They Just Don’t Get It: Part 1

Jul 6, 2000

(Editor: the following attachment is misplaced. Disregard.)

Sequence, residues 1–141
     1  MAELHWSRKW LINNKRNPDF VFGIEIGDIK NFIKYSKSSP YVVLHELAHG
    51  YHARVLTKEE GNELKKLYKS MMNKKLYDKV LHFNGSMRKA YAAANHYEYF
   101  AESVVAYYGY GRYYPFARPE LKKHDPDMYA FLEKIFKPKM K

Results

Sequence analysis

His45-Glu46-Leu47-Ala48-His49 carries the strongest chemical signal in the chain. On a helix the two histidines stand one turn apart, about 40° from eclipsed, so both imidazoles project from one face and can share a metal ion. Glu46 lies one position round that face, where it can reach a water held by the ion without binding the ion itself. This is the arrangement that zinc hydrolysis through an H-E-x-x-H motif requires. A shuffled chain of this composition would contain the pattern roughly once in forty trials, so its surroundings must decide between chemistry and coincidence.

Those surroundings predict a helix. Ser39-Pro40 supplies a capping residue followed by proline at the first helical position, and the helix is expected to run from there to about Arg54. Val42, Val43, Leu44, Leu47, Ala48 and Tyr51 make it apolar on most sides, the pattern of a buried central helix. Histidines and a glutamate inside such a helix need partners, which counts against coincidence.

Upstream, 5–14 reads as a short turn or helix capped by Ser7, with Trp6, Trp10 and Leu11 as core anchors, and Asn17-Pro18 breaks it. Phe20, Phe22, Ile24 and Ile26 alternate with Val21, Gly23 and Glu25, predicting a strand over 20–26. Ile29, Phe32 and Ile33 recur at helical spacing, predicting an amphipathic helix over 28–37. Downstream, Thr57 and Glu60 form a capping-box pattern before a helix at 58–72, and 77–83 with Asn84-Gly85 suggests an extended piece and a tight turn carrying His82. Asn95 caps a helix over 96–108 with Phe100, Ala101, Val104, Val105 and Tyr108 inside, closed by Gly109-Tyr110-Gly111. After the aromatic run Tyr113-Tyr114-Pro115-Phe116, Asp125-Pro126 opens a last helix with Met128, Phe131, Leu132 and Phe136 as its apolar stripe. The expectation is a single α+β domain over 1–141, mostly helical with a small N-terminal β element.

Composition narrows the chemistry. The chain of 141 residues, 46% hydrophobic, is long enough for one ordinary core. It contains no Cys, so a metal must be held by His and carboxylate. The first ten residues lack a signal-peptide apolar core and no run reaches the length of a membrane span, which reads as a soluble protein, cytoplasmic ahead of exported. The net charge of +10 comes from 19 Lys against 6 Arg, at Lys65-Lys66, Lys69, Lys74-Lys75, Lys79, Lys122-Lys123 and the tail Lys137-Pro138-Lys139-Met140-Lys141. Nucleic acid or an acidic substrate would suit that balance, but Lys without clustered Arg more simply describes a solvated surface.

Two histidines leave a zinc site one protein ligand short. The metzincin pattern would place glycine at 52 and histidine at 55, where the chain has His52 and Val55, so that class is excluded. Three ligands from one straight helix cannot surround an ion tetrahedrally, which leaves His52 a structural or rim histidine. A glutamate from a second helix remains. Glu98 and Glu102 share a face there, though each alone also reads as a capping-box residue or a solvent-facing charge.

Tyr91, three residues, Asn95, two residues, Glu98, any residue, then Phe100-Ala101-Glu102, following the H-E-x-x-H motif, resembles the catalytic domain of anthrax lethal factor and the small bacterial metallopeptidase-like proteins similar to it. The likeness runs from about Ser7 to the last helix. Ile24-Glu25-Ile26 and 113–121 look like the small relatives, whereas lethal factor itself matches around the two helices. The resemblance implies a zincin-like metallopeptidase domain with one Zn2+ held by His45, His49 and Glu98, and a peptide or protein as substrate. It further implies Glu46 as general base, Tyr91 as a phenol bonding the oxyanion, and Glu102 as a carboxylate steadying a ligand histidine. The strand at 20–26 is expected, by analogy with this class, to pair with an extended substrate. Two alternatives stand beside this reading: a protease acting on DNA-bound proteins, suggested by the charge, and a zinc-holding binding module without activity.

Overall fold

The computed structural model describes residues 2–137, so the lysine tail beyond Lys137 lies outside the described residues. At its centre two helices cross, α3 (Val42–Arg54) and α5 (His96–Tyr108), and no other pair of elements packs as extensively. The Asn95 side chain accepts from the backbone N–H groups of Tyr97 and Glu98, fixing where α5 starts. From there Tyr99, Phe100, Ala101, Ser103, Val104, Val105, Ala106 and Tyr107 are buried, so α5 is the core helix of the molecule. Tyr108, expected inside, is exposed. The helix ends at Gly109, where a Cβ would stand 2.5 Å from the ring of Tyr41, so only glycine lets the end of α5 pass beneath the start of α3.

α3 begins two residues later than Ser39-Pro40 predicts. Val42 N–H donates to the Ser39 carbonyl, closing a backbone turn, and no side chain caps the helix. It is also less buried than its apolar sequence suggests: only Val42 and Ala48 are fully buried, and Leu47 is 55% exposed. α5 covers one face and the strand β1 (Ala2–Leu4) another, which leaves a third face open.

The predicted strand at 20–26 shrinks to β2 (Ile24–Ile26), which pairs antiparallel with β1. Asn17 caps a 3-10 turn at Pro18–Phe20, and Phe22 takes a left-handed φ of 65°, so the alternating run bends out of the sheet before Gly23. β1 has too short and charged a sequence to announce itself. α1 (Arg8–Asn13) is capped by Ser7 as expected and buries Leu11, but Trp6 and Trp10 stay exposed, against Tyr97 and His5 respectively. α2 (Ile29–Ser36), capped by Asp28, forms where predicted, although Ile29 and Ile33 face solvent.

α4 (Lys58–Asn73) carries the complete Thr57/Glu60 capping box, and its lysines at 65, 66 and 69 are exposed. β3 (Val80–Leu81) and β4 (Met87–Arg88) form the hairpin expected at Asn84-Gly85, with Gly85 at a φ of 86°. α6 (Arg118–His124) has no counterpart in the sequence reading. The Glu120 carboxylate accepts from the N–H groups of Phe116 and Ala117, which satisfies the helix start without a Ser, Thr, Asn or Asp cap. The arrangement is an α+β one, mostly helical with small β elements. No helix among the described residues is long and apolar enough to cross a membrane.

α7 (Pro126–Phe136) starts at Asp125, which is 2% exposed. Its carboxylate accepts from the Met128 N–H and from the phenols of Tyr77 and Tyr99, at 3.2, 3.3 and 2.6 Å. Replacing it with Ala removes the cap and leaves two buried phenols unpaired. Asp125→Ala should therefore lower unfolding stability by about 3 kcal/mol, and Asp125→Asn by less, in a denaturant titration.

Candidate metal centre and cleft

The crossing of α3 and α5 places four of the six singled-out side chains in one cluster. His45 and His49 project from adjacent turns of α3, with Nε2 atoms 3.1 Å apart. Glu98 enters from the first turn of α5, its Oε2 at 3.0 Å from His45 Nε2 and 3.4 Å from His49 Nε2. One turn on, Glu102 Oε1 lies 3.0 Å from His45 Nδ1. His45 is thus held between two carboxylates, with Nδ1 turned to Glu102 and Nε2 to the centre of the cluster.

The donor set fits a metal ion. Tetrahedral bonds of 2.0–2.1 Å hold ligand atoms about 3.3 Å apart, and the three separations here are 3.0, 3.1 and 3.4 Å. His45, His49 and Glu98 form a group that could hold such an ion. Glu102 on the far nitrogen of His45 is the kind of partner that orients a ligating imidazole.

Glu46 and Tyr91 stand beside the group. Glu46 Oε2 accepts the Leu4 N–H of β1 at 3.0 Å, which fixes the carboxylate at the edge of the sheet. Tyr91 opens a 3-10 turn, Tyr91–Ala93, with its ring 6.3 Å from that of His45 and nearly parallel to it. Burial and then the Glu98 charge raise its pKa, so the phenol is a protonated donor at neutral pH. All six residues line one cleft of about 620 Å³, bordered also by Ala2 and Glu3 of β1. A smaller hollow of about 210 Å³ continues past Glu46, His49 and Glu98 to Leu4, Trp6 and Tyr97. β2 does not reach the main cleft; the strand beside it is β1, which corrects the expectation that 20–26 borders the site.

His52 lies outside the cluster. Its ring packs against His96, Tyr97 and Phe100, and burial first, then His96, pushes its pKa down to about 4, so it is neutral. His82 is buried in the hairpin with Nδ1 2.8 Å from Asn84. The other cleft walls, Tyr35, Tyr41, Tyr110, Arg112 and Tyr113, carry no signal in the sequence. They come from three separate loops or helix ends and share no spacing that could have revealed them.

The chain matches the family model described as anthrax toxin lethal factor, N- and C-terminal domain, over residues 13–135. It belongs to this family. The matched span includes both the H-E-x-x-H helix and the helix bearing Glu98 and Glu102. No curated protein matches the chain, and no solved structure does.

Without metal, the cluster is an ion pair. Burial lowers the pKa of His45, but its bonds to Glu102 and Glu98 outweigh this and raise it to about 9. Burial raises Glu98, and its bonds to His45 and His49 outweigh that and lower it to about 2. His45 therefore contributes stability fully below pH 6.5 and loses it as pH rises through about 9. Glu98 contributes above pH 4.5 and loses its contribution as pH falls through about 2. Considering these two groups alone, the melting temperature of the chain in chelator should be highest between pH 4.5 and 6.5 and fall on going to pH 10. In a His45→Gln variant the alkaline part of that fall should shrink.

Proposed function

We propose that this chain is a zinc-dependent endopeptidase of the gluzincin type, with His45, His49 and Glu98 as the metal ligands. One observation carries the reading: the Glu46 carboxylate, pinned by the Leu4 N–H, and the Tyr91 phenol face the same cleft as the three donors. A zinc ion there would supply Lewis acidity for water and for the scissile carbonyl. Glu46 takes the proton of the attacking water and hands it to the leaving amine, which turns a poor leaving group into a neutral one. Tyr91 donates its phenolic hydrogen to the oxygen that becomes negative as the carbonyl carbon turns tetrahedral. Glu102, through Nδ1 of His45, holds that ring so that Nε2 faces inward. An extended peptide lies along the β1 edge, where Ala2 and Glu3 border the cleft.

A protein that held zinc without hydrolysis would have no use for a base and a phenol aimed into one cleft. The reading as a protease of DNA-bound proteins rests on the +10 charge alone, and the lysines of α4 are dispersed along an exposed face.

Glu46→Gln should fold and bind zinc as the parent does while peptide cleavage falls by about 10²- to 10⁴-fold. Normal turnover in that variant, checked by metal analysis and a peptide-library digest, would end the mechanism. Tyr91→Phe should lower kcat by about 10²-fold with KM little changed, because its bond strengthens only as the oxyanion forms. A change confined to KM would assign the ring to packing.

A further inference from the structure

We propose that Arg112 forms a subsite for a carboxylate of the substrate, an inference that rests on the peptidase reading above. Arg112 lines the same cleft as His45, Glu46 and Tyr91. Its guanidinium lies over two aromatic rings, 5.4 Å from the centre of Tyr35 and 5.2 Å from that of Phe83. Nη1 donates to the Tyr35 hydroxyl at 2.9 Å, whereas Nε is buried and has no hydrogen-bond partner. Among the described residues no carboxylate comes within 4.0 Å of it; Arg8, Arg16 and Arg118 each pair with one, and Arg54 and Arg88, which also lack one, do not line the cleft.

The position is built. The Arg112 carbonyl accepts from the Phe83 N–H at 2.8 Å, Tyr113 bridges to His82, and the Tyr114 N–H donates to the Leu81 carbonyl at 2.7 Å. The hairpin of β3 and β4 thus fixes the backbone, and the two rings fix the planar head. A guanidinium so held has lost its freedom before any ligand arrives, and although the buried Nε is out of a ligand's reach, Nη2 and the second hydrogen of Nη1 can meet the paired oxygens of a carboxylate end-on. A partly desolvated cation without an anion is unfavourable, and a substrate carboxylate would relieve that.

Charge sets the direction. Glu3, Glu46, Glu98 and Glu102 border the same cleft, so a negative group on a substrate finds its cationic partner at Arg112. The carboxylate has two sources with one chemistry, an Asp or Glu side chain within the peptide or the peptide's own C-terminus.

One thing about being a consultant is that you have the opportunity to see a lot of different approaches to solving the same problem. Eventually, if you are lucky, you learn that both problems and solutions tend to fall into patterns. I have been romping through the “Best of the Best” sites and “Wannabe” sites, and have observed that they still “don’t get it yet.” The only two patterns now on the Internet are “Band-Aid” solutions or high-tech solutions that use yesterday’s technology. The goal of a good recruiting website is to fit people into jobs-similar to fitting pieces into a puzzle. In other words, an organization has a problem to solve, they create a job to solve this problem, the job requires certain unique skills, a person with matching skills takes the job, and the problem is solved. So far, so good. But, wait! What is currently being done to assure this happens? Automation? Nice, but not good enough. Techie tests? Also nice, but not good enough. It takes more… No web-based recruiting process can be better than the underlying data it automates. This involves the completeness of job requirements (i.e., does the puzzle have any hidden shape requirements), the ability to accurately measure each requirement (i.e., what shape really is the piece), and the system it uses to assess the degree of fit (i.e., just how well does the piece fit). By the way, if you’re in this business for the money, you don’t need to read any farther. It will be a waste of your time. If, on the other hand, you want to be the best site on the web or do the best recruiting job possible, please continue. Complete and Accurate Job Requirements Hiring Manager: “These applicants are worthless! You’re wasting my time! Bring me QUALIFIED people to interview!” Recruiter: “What are you looking for? I used the data you gave me on the requisition.” Hiring Manager: “No! No! No! Those people were no good. I’ll know it when I see it. Just don’t waste my time!” Recruiter (under his/her breath): “Jerk!” Hiring Manager (under his/her breath): “Jerk!” Problem: When job requirements are unclear, hiring managers tend to use a gut-level standard that: 1) they are unable to communicate, 2) changes with the job, 3) changes with each interview, or 4) changes when one applicant is compared with another. (Does the term “moving target” sound familiar?) Solution: Comprehensive organizational information is needed about the job. This does not always come from the hiring manager. It requires a documented job analysis (i.e., detailed questions of jobholders and managers that are converted into weighted, measurable competencies confirmed by questionnaires). It should cover all four performance areas: 1) cognitive ability, 2) planning ability, 3) interpersonal skills, and 4) attitudes, interests and motivations. An incomplete job requisition will inevitably lead to the recruiter’s version of “pin the tail on the donkey.” Even if an applicant is hired, incomplete job requirements will contribute to high turnover, low productivity, and poor organizational performance, not to mention potential legal problems in the U.S. Accurately Measuring Applicants – Technical Tests This area is almost as elusive as incomplete job requirements, with one exception-tests offer a false sense of security. You know, like signing up for a dating service and expecting to meet your ideal mate. Enter, stage left, the techie test vendors. Techie tests are a nice addition. But scores may not deliver everything you expect. Specifically, it is wrong to assume that any single test score, techie or otherwise, is strongly associated with good job performance. For example: